Dalibor FORETIĆ, theatre critic
The married couple Iva and Petar Mandić from Sarajevo have been creating plays in their apartment for two years now, in which they create a fantastic, surreal, poetic stage reality by combining masks and their own bodies
Only the journalistic tendency to start the story with the most bizarre, most astonishing fact justifies this beginning of the story of one theatre: there were two young people, they loved each other, got married, and then they decided to dedicate themselves to theatre, to create their own theatre. They did not find any social support, and they had (unlike many other young people) a slightly larger apartment. And in one larger room, they started experimenting, making masks and puppets, making costumes themselves, choosing music…
The story has been going on for two years now, it is happening in Sarajevo, which did not flinch much at its unusual fellow citizens. The protagonists of the story are called Iva Kostović-Mandić and Petar Mandić. She is a theatrologist, he a ballet dancer. They named their theatre Maska i Pokret. Last year they performed at MESS. They did not receive the official award. This year they are stuffed into the informative section. We say Sarajevo doesn’t like them much, and maybe it doesn’t understand them, even though they are doing the most authentic theatre that has happened in that city in the last ten years. But that’s why they love them in Amsterdam. No one is a prophet in his village…
Two years of work, two plays. Forty minutes each. First, Somebody has killed the Play is ambiguous and hard to explain, like any real poetry. Through the character of the puppet Agava, the Mandić’s actually embody the eternal call of a poetic nature: sublime, beautiful, supple, plucked by people, beheaded, buried with all honours and then betrayed, poetry, seen through the ironic sidetracks of life and faced with death, remains what it is, spiritual, the metaphysical constant of every existence.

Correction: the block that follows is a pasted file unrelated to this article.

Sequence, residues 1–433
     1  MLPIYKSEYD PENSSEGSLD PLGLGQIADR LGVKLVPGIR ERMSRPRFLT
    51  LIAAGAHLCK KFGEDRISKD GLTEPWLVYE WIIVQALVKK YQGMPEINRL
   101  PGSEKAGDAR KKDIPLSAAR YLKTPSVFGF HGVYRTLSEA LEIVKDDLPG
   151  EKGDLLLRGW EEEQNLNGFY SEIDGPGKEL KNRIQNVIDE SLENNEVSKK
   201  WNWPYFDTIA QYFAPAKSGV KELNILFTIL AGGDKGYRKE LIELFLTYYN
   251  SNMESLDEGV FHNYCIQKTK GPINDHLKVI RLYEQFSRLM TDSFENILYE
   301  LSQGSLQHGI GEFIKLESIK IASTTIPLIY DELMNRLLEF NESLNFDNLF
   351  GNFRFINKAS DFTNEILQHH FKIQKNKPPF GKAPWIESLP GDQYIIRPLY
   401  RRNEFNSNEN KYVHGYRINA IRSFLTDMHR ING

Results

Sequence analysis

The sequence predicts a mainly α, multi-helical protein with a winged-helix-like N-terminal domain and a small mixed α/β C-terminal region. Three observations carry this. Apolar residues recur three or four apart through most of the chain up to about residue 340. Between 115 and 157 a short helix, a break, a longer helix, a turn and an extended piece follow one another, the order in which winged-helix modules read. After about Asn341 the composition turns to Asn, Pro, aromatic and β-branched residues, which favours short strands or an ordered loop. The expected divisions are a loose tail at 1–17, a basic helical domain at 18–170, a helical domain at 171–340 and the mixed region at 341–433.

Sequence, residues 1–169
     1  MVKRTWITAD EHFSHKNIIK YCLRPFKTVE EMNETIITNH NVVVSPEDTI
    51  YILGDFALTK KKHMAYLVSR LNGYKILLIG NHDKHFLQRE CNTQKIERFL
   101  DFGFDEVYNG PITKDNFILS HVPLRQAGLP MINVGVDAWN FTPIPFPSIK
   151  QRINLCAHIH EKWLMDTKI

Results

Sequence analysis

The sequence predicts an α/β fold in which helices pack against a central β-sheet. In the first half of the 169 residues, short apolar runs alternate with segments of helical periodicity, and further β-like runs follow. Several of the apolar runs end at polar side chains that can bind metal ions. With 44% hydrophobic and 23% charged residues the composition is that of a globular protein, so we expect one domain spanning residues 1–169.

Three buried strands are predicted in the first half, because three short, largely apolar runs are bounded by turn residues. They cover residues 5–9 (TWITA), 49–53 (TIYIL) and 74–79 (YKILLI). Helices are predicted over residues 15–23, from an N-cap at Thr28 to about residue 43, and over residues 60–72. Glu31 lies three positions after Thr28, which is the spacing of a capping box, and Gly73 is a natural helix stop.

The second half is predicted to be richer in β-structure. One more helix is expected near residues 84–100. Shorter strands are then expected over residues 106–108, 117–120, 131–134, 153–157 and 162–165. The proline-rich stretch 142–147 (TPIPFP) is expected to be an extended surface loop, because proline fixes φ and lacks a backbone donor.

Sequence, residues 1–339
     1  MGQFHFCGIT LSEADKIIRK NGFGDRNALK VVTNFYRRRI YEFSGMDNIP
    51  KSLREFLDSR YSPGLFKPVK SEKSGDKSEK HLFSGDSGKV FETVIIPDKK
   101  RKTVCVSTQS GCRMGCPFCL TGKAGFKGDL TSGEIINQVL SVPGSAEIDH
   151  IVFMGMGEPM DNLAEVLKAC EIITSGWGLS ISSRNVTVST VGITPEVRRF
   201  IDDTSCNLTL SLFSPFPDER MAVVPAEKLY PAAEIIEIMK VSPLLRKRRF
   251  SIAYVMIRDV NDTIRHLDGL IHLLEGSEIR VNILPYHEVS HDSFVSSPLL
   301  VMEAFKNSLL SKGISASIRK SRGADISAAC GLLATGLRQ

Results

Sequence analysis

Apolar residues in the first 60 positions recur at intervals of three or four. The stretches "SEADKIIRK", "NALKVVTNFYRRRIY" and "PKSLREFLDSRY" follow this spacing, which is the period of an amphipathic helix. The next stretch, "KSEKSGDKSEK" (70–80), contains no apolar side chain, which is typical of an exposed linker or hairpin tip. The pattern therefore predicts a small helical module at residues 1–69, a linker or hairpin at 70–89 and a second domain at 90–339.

Already in that first play, the Mandić’s expressed their theatrical manifesto: a belief in the poetic essence of theatre, in the challenge of its eternal mystery, by not using a word but what is at the very core of theatrical origins – mask, music, movement.
If their first play is shrouded in a veil of metaphysics, if it follows what poetry was and is, their second play, Mme Leopoldine’s Memoires, focuses on a psychological descent into dramatic secrets of life: loneliness, a cruel lack of love, selfishness which leads the human being towards the ritualisation of his own life and towards ultimate plunge into his own ego.
The poetic weft of both plays is obvious, but they are eminently dramatic poetry: although they do not utter a single word in these two plays, they develop and complete a purely dramatic form with other, inexhaustible theatrical means.
This is how the Mandić couple with self-denial and from their theatrical home theatre achieves an autochthonous stage expression but also opens, not only on a Yugoslav scale, some new theatrical possibilities. The poeticity of the utterance and the consistency of the concept take them further than those often stuttering avant-garde attempts in which word avoidance was often a protruding dogma unsubstituted with anything else, more true, more vivid, more scenically relevant.
The formal perfection of Maska i Pokret theatre performances gives full dignity to their only seemingly modest and lapidary theatrical attempts. In the technique of their stage expression, fascinates in fact the most that at no point do they try to deceive the viewer with any illusion, and on stage these two people in the heat of the play still create a wonderful poetic world: neither mask, nor movement, nor music, nor puppets have semantic autonomy in their performances, only by intertwining their expressive possibilities, a new, uncopied from reality, but therefore exactly deeper stage reality is being realised.
With the Maska i Pokret Theatre, the theatre went in an unexplored direction beyond the touching simplicity of Peter Schumann and his “bread and puppet.” And in assembling a new stage reality, the two young Sarajevo theatre artists may be on the trail of that stage miracle that Craig once called an “Übermarionette”.
Photographer: Drago Šoštarić
Photo: Unbridled imagination Two scenes from the play Somebody has Killed the Play
Photo: Iva Kostović-Mandić and Petar Mandić at the end of the performance
Photo: Mme Leopoldine and her ego